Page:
It is only then that I start to wonder what I got myself into by coming here.
They seem to be less afraid of me, and more afraid of what Algeria will do to me. No doubt, it is unusual for a white kid to wash up at the docks in North Africa, with no contacts but a 6-dollar hostel reservation that may or may not truly exist. A nervous shiver goes through me, and I hope I get through this. The officer asks me about my visa, an unusual 2-year visa not commonly given to tourists. He does not seem suspicious but rather impressed, asking me what I gave to the Algerian consulate in New York to warrant me getting a longer validity period. He explains that, generally, tourist visas are only issued for 90 days, so I must have made a good impression at the consulate. I explain that maybe the guy felt bad, as I had to go back to the consulate four times before I had the right materials to apply for the visa. The officer laughs, as if he knows bureaucracy well. He expresses his wish to travel to New York one day. He is a big Frank Sinatra fan and hears it is a beautiful city. I tell him it’s ok, but there are definitely better cities in America. Not to mention that New York, like a human body that replaces all of its cells with new ones every seven years, changes often to the point that the New York of Frank Sinatra was probably at least eight or nine New Yorks ago. I don’t tell him this part, both because he wouldn’t understand my explanation and because I didn’t want to let him down. Let him dream the streets are paved with gold; it’s no skin off my nose.
He asks what I do, and since I am no longer a student I tell him I recently graduated and am now a travel writer. His female colleague asks for my identification card, and I give them my student card which they look at admiringly. They show no interest in seeing my driver’s license. She whispers to him in Frerabic–the brother tongue of Parisian French and Arabic–how they think it is a Great American school. I was told having a UConn degree would open doors for me, I was not told that having an expired student card in my wallet would gain me the endless respect of Algerian customs and border patrol. Go Huskies, I guess.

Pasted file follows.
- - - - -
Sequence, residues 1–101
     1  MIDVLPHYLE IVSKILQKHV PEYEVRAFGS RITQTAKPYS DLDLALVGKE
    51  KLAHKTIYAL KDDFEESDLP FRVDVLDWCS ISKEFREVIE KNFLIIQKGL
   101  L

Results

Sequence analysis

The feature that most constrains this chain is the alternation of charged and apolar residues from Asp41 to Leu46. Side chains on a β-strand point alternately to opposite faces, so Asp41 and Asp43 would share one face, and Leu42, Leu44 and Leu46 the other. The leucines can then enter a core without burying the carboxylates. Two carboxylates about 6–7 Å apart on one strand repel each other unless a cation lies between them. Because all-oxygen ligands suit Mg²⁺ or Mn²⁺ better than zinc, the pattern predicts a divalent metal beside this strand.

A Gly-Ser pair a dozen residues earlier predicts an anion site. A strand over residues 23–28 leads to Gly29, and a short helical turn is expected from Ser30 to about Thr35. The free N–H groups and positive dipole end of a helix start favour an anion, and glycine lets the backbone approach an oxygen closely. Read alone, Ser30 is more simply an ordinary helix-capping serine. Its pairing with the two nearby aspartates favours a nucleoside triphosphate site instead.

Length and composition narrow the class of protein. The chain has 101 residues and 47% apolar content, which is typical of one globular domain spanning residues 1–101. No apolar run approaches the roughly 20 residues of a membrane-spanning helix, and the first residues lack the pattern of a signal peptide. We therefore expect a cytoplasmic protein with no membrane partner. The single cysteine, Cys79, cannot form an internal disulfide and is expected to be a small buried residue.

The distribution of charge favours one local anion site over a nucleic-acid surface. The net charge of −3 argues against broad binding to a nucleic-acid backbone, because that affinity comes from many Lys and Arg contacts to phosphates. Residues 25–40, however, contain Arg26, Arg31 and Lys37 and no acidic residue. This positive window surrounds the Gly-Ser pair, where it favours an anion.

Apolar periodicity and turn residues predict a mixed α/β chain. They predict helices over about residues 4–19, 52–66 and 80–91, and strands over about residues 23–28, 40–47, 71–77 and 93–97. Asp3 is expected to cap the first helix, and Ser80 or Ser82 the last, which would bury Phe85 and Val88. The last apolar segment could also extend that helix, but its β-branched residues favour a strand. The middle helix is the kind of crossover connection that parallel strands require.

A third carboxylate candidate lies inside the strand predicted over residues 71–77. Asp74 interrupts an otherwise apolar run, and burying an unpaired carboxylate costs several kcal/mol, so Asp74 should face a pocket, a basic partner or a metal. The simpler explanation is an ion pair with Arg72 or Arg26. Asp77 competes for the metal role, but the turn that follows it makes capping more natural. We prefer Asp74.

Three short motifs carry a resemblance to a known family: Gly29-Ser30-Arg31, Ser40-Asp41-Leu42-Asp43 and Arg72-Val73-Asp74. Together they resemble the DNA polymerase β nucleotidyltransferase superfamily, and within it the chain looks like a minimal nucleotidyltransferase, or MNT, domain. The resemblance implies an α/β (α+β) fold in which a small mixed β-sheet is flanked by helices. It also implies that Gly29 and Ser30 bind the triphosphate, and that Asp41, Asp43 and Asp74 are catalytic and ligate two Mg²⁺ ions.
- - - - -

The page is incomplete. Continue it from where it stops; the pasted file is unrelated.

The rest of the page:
One of the cops who doesn’t speak English joins me at the bench, and waves me to the immigration post where I am to collect my passport, school identification card, and cell phone which have all been circulating among a dozen fascinated border patrol agents for ten minutes. I stand there for five more minutes, as they argue back and forth whether to give me a tourist stamp or a business stamp, which regulation says I need for a two-year visa despite it being marked as “tourist.” In the end, I am not sure which side wins, but I offer a shukran and a merci and hope that I will not be questioned upon leaving Algeria for my suspicious stamp, courtesy of Officer Salah Port Division.
I go through the customs scan, and get frisked as the Officer walks in front of me. He asks if they do this in the US, and I say the patting down procedure is the same everywhere. He chuckles, as if he doesn't believe a great country like America would barbarically fondle foreigners. Once I clear customs, he walks me to a man leaning on his car in the parking lot. Salah gives a card with the Arabic address of my hostel to the driver, and instructs him to drive me to the bank and then to my hostel. His body language says that it is a personal favor to him, as he puts his hands sincerely over his heart. The driver agrees to take me, and I say goodbye and shukran jazilan to Officer Salah, who weirdly looks sad to see me go. I tell him I’ll catch him in New York as he waves goodbye.
The driver does not take me to the bank, which ends up being a wise choice. Instead, we go straight to the hostel located on Rue Zahdour Mohamed, the houses on which are marked by messy, faded spray paint. After asking three locals if we are on the right street, and where building number nine is located, we come to my hostel which has a cardboard sign with its name, in addition to a dark shadow of a “9” that once more clearly denoted the location. I give the driver 5 USD, as I have no Algerian dinars to my name. He seems content and drives away after ringing the doorbell and watching me safely enter the hostel as I am welcomed inside.
Victor Bernabei is just another millenial travel blogger. But here's the twist: He isn't a millenial! His goal is to see as many countries as he can, and spread the message that the world is not as scary as the news wants you to believe, and that there is beauty in all people, places and things.